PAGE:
CBI calls for AI commission to determine impact of the technology on jobs

The impact of the rise of artificial intelligence on jobs, and more importantly – job security – has dominated political and industry discussion over the last year.

And today, amid predictions of this AI-led workplace threatening one in five jobs across the UK, the CBI – Britain’s largest employer – has urged the UK Prime Minister, Theresa May, to launch a commission looking into this possible impact from early 2018.

CBI encouraged the involvement of companies and trade unions, which ultimate aim should be to identify ways of increasing productivity and economic growth, while exploring the impact of AI – and similar trends – as it enters the mainstream.

Indeed, according to the CBI, half of businesses are planning to invest in AI, and one in five had already invested in the technology over the past year.

>See also: The jobs artificial intelligence will take over first 

The CEO of Fujitsu EMEIA and Americas, Duncan Tait, says that is the responsibility of businesses and government to collaborate to ensure that artificial intelligence works in everyone’s interests.

“We’re already seeing the immense impact of artificial intelligence in some industries, and this is a trend that’s only set to accelerate. However, right now businesses are simply not prepared. Our research found that 83% of UK business leaders believe that artificial intelligence will transform the skills needed in their organisation by 2020 – yet even today 9 in 10 report that they have a digital skills gap.”

“As a society, we must work together to ensure that artificial intelligence has a positive impact on both our personal and professional lives. Businesses have to act responsibly, and help to upskill existing workers as new technology is introduced. Artificial intelligence can enable us to do more interesting and exciting work, by eliminating routine and repetitive tasks. As a technology, it offers incredible possibilities, from enhanced medical diagnosis to advanced customer service. But we must remember that there is a human, as well as a business, side to the story and take action now to ensure that artificial intelligence works in everyone’s interests.”

>See also: Organisations deploying AI are creating jobs and increasing sales’

However, the threats posed to jobs is real, and accountancy firm PwC warned in March that more than 10 million workers may be at risk of being replaced by automation, while the Reform think tank has suggested that robots could replace 250,000 public sector workers by 2030.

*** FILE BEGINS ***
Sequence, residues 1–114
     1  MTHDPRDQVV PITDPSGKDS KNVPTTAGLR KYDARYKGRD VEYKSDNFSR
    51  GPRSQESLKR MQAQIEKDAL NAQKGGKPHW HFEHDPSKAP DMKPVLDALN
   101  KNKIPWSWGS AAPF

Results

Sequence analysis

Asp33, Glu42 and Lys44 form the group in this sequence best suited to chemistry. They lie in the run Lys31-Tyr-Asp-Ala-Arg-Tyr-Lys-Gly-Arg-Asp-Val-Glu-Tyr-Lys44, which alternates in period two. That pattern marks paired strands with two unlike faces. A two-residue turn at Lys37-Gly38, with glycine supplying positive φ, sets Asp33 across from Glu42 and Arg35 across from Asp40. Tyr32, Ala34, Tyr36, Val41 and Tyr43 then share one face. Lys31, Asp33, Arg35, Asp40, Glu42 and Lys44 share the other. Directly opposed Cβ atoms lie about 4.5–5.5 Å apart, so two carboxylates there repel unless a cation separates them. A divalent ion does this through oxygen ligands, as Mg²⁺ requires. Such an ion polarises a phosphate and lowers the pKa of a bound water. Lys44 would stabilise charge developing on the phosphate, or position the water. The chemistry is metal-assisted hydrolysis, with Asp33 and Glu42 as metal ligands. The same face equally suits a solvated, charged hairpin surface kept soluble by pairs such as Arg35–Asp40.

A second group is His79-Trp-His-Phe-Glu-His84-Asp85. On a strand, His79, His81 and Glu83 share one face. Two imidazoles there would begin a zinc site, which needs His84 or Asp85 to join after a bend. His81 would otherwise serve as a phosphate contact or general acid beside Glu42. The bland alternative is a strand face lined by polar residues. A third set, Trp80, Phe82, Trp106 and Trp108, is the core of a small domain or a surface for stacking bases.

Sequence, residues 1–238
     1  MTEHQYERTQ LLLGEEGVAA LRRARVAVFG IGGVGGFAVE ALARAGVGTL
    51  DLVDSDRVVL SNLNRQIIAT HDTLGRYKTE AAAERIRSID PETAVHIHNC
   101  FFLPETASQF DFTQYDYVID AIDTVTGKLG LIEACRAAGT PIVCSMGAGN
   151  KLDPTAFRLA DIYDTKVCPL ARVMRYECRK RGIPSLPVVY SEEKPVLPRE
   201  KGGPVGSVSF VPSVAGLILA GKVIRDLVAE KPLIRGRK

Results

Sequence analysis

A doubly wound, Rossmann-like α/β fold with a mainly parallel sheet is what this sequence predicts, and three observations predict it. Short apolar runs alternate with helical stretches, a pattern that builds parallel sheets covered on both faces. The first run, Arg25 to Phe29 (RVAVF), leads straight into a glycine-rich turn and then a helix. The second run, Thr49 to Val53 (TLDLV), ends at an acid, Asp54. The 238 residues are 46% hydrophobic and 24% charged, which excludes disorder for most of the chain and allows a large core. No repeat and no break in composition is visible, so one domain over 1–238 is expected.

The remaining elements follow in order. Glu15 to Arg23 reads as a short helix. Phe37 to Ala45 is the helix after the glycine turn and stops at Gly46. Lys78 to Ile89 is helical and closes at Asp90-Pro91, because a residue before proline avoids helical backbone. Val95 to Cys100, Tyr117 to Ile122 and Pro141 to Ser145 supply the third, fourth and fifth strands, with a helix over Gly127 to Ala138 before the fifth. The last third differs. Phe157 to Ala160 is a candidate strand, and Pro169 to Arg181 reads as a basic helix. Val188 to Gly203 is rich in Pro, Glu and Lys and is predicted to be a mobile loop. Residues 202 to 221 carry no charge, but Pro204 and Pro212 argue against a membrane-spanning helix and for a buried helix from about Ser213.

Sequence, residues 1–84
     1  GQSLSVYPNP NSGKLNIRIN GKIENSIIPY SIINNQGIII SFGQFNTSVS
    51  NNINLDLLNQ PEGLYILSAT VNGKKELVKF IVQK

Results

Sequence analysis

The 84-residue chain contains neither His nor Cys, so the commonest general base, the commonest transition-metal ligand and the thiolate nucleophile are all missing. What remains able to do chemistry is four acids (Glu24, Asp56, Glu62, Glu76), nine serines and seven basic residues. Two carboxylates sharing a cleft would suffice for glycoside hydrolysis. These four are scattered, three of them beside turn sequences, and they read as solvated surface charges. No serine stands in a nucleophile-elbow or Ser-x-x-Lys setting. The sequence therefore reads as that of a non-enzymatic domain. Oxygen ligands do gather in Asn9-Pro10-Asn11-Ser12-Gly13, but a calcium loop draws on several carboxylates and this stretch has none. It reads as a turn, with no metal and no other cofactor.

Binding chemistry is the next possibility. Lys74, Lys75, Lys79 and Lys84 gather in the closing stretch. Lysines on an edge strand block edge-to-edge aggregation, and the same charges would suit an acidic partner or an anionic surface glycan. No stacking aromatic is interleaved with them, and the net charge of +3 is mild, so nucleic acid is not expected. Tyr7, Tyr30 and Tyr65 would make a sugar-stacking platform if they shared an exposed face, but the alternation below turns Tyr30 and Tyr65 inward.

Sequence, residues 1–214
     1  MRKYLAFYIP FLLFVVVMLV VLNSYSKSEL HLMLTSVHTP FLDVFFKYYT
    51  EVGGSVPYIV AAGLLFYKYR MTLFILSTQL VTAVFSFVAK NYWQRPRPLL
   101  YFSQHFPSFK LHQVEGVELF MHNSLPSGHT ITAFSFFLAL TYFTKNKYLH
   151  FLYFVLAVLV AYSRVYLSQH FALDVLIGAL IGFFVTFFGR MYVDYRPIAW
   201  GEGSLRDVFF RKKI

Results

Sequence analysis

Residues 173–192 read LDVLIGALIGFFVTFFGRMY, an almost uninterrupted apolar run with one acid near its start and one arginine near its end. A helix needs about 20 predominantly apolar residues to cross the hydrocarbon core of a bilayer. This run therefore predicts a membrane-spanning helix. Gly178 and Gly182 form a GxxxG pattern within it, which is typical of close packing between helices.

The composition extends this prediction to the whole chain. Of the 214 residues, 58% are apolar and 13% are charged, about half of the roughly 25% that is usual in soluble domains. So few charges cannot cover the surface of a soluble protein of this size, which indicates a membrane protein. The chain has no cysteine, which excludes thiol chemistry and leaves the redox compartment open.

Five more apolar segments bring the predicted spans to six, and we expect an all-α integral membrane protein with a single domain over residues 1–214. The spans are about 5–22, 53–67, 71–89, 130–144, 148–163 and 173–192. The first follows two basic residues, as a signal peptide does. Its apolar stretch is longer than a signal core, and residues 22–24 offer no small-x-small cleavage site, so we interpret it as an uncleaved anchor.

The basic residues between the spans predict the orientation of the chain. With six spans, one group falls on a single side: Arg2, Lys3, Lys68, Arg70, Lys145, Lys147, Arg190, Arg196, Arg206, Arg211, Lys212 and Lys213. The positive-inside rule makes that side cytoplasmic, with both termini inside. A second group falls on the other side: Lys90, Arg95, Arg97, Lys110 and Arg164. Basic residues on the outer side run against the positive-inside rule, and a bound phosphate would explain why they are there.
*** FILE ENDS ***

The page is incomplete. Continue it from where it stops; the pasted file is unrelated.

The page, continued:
The robot revolution will inevitably replace jobs, especially in the manufacturing and transportation sectors. However, the opportunities the intelligent software presents are also well documented. The use of AI and automation will speed up processes, reduce costs, drive innovation and free up the time of workers to pursue more forward-thinking, less mundane work. The CBI predicts that innovative firms grow twice as fast and that 50% of labour productivity can be driven by innovation.

This improved productivity through AI and automation, argues the TUC, should be used to benefit workers. These benefits should see a reversal of planned changes to the state pension age and more investment in training for employees, according to the TUC.

>See also: Unlocking the business opportunity of artificial intelligence

Darren Roos, president, SAP S/4HANA Cloud touches on the significant benefits AI can bring to people and business.

“We are already witnessing the power of Artificial Intelligence and its ability to transform and enhance whole business models and liberate employees. However, let’s be clear that the arrival of AI in the workplace is not a threat to people’s jobs, but an opportunity to develop. There will be displacement, but this will be of mundane tasks, removing the duller, less palatable tasks and freeing up employees to be more creative.”

“Crucially AI technology allows people to be more impactful on the business, giving them roles that can touch customers in a way that a machine can’t. It’s a reallocation – not removal – of intelligence. To be a success for all, AI must of course be implemented into business and across society with the human impact front and centre. Through such an approach, it can inspire employees and help business meet the complex needs of their customers.”


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Nick Ismail

Nick Ismail is a former editor for Information Age (from 2018 to 2022) before moving on to become Global Head of Brand Journalism at HCLTech. He has a particular interest in smart technologies, AI and...